Become a Member

Get access to more than 30 brands, premium video, exclusive content, events, mapping, and more.

Already have an account? Sign In

Become a Member

Get access to more than 30 brands, premium video, exclusive content, events, mapping, and more.

Already have an account? Sign In



Gluten-Free Getaway

Enjoy worry-free summer vacations with these healthy travel tips

Heading out the door? Read this article on the new Outside+ app available now on iOS devices for members! Download the app.

Eating gluten free used to mean staying at home to play it safe, or deciding to travel knowing that you wouldn’t have many healthy meal options along the way. Fortunately, all that has changed. Due to the increasing number of people banishing gluten from their diets, more and more places-including national park lodges, high-end hotels, chain restaurants, and even many bed-and-breakfasts-are offering gluten-free menu options. That means that it’s now possible to eat gluten free whether you’re visiting Yosemite National Park, taking a cruise, embarking on a multi-city road trip, or traveling internationally.

Try these tips to enjoy safe, pleasurable, gluten-free trips:

Always carry your own snacks. Meal/snack service has been cut on most flights, and virtually all of the food sold in airports or served on trains contains gluten. That means it’s essential to pack your own gluten-free food. Any snack will give you temporary energy in a pinch, but to keep yourself well-nourished for the extra time and effort involved with traveling, concentrate on combining foods into mini-meals that provide some protein, healthful fats, and unrefined carbohydrates. For example, try nuts and an apple, or Tanka Bites (buffalo cranberry jerky pieces) and carrot sticks, or simply a food bar that contains protein, such as the Organic Food Bar with brown rice protein.

Use coolers and refrigerators when you can. For road trips, pack perishable foods-such as hard-boiled eggs, chilled watermelon pieces, or hummus and veggie sticks-in a small cooler. And try to stay in hotel rooms that have mini-refrigerators. That makes it possible to keep gluten-free dinner leftovers as well as perishable foods that you either bring from home or purchase in natural food stores while traveling.

Research restaurants. Before you leave home, get a copy of The Essential Gluten-Free Restaurant Guide by Triumph Dining, or use the Internet to find restaurant suggestions from celiac support groups in the area that you’re visiting. Get the addresses and phone numbers of places that sound appealing and map them. If you’re not sure about the availability of gluten-free food at a particular eatery, call ahead and talk with the chef or manager.

Bring a restaurant card with you. Although it’s best to plan ahead and research restaurants that you want to try, carrying a card that explains specific ingredients that you can and cannot eat is good insurance. If a waiter doesn’t know which choices on the menu are gluten free-or could be made that way-give him your restaurant card and he can hand it to the chef who can quickly advise you about your options. Get printable restaurant cards at, or order sturdier, laminated, wallet-sized dining cards in ten different languages at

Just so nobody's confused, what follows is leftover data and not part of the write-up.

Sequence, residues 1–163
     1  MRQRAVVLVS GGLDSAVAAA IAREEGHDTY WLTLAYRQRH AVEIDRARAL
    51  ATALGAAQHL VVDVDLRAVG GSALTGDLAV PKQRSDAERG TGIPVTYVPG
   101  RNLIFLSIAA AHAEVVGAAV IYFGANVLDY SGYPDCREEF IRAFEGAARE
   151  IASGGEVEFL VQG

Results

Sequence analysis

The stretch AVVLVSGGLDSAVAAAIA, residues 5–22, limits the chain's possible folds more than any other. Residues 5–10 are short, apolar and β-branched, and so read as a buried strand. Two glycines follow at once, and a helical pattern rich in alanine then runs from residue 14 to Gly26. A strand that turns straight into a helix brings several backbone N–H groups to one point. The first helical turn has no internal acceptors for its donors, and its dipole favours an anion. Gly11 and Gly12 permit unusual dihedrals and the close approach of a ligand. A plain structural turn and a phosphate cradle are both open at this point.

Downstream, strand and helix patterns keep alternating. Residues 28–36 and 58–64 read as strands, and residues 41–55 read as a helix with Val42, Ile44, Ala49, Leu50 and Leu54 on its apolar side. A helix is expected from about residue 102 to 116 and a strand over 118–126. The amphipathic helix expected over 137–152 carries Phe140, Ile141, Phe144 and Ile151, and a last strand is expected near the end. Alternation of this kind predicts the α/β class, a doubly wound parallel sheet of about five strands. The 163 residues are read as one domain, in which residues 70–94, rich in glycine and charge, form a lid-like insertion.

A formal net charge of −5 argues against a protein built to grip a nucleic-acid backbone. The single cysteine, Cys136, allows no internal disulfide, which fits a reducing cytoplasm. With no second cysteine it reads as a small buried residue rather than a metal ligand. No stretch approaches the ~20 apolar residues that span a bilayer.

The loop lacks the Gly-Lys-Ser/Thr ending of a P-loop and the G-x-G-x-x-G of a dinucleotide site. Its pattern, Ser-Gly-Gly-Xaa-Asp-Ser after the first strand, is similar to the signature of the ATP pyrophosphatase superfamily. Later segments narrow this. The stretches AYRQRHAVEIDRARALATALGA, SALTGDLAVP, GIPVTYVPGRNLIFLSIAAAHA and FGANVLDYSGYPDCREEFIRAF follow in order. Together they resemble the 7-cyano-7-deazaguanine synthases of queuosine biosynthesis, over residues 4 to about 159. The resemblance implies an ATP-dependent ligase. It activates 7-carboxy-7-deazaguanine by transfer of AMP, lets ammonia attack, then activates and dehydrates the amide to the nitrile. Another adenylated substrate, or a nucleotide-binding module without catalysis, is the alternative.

Ask for help when you need it. If you need additional advice regarding upcoming trips or working around other food sensitivities, consider consulting a nutritionist who specializes in gluten-free and allergy-free diets. If you’d rather not have to do any planning, look into taking a trip with a gluten-free traveling group, such as Bob & Ruth’s Gluten-Free Dining & Travel Club ( Or try making arrangements through a travel agent who specializes in gluten-free vacations.

Adapted from Chapters 6 and 7 of Melissa’s book, Gluten Free Throughout the Year.

Almond Butter Energy Bars
Serves 6

Need a stabilizing snack to take on your next trip? Try these homemade bars that contain healthful fat, protein, carbohydrates, and no refined sweeteners.

4 Tbs. Nutribiotic Plain Rice Protein powder

4 Tbs. blanched almond flour

1 Tbs. shredded unsweetened coconut

3 tsp. date sugar

1½ tsp. ground cinnamon

2 Tbs. organic unsweetened applesauce

4 Tbs. unsalted roasted almond butter

4 Tbs. unrefined coconut oil

1 tsp. grated orange zest (optional)

4 tsp. organic raisins

3 tsp. chopped pecans

  1. Mix protein powder, almond flour, coconut, date sugar, and cinnamon together in medium bowl. In separate bowl, mix applesauce, almond butter, and coconut oil. Combine wet and dry ingredients, then fold in orange zest (if using), raisins, and pecans.
  2. Press batter into six standard (2½-inch) paper muffin cups. Seal filled muffin cups in airtight container, and refrigerate 2-3 hours, or overnight. Put each muffin cup in small plastic bag in your purse or traveling bag.


Recipe adapted from the Amaretto Protein Bar recipe in Melissa’s Going Against the Grain book and the Carrot Cake Power Bar recipe in Gluten Free Throughout the Year.